New Seismic-Resisting Connections for Concrete-Filled Tube Components In High-Speed Rail Systems [ABC-UTC-2016-C1-UW02]

Link to Latest Report: Final Report 

In seismic design of transportation structures there are several competing demands that must be met: high strength and stiffness, large ductility, damage resistance and efficient construction. Prior research at the UW demonstrates that concrete-filled tubes (CFTs) can meet these competing demands. For a given diameter, CFTs have larger strength and stiffness than an RC component. Testing of CFT connections demonstrates their ductility, with drift capacities larger than 8%. When used with precast components, CFTs facilitates ABC.

This research builds on the prior CFT research to develop connections specific for use in structural systems for high-speed rail (HSR). While the FIU study focuses on the column-to-cap connection, this study will investigate a new, untested direct column-to-pile connection. This connection is critical to the structural performance and cost of the system, but few studies have focused on it, in particular for ABC. This study will advance design and construction of pile connections for HSR.

The research will investigate the connection and HSR system response using advanced, nonlinear analysis methods. A thorough literature review will identify types of connections and document their structural response; the UW team will work with the HSR team to identify one or more connections for further study. Using high-resolution finite element modeling, salient parameters of selected connections, including materials, geometry, and soil-structure interaction, will be studied. Those results will be used to develop spring and line-element nonlinear models of the components and connections as a function of the important connection parameters. The final research task will investigate the seismic response of a prototype HSR CFT system using these nonlinear models. Connection design details, seismic performance objectives, seismic hazard levels, and soils will be varied to study their impact. The results will provide important initial guidelines for the connection design and seismic performance which will found a future experimental research study to validate the work

The overall goals of the proposed research are to investigate CFT connections and other column-to-pile connections including the seismic response and resilience, including damage, of selected CFT connections using high-resolution finite element analyses. Longer term work (beyond Cycle 1) will focus on investigation of a high-speed rail (HSR) system for study (to be selected in collaboration with the CA HSR technical team) through a limited structural analysis simulation using line-element nonlinear modeling methods to investigate the impact of salient parameters on the response including (1) connection type, (2) soil structure interaction and (3) seismic hazard level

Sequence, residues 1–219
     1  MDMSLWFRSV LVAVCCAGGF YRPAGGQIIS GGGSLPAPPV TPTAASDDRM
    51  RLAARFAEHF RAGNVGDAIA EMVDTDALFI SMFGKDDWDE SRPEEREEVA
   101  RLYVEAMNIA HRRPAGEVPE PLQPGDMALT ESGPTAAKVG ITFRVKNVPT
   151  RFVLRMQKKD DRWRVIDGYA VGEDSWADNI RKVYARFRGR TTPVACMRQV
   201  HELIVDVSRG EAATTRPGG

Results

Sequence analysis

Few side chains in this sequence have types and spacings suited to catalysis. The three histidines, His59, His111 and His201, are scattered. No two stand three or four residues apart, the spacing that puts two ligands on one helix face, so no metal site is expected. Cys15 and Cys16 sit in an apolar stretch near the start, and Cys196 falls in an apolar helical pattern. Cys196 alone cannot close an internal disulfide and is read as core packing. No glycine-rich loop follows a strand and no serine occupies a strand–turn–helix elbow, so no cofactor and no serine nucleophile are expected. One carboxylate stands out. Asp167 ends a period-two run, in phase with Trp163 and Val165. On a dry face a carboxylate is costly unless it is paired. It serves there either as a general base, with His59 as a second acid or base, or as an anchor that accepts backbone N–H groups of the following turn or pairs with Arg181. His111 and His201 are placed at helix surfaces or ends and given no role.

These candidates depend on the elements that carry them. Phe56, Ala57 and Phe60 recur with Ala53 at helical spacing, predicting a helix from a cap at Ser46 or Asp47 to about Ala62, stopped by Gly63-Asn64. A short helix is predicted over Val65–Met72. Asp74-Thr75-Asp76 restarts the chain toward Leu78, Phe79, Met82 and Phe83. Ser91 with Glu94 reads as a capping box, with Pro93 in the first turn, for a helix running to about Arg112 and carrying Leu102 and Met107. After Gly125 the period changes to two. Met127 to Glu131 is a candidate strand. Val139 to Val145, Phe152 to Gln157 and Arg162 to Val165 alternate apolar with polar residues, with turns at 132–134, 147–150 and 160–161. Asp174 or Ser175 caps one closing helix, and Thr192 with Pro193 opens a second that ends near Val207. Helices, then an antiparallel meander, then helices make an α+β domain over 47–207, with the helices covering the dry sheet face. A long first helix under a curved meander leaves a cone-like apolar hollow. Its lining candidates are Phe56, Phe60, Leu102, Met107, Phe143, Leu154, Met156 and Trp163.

The following research tasks are proposed to achieve these objectives.

  • Task 1 –  Literature Review and Agency Discussions.

    • A comprehensive review of past experimental research will be completed.  Experimental results evaluating resistance, stiffness, and force-deflection of direct column-to-pile connections will be studied.  This task is expected to be completed quickly, because the researchers are familiar with most of the past work through research performance on other CFT research projects funded by Caltrans and WSDOT.
  • Task 2 –Collaboration and meeting(s) with CAHSR.

    • The UW research team will meet with the CAHSR technical team with the objectives of (1) understanding the design objectives for the column-to-pile connection, (2) investigating what agencies in other parts of the world have done in developing High Speed Rail, and (3) identifying a possible system for further investigation though nonlinear analyses.
  • Task 3 – Investigation of Design Parameters through Finite Element Analysis

    • The analytical program will (1) simulate the bond condition of a straight-seam tube and (2) investigate the spacing and geometry of the interior rings proposed to provide mechanical bond. Bond stress is viewed as a critical parameter in the analysis. The CFST composed of a straight-seam tube and concrete without a low-shrinkage admixture (No LSA), had very little bond capacity in comparison with the other CFST specimens.
  • Task 4 –  Performance Evaluation of System ~ (Future Research)

    • Working with the CAHSR team, the UW team will identify an HSR system for structural investigation using nonlinear analysis methods. It is expected that a zero-length, fiber-section element will be used to simulate the connection(s), while distributed plasticity elements will be used to model the columns and piles; this approach will be calibrated using the results from Task 3. However, it is not possible to fully develop design guidelines for the connection without experimental results (this experimental program is proposed as a future task collaborative with WSDOT). It is expected that a limited study will be conducted with the primary variable soil-structure interaction.
  • Task 5 –  Final Report

    • A Final Report will be written that summarizes the methods used and the findings reached during the project. Detailed information about and results from the analyses conducted in Tasks 3 and 4 will be summarized in the analyses. The report will also present future research studies to further investigate the connections experimentally; the experimental results are required to fully develop design expressions for the connections.

Research Team:
Principal Investigator: Dr. Dawn Lehman and Dr. Charles Roeder
Student Assistant: Muzi Zhao

Previous Progress Reports: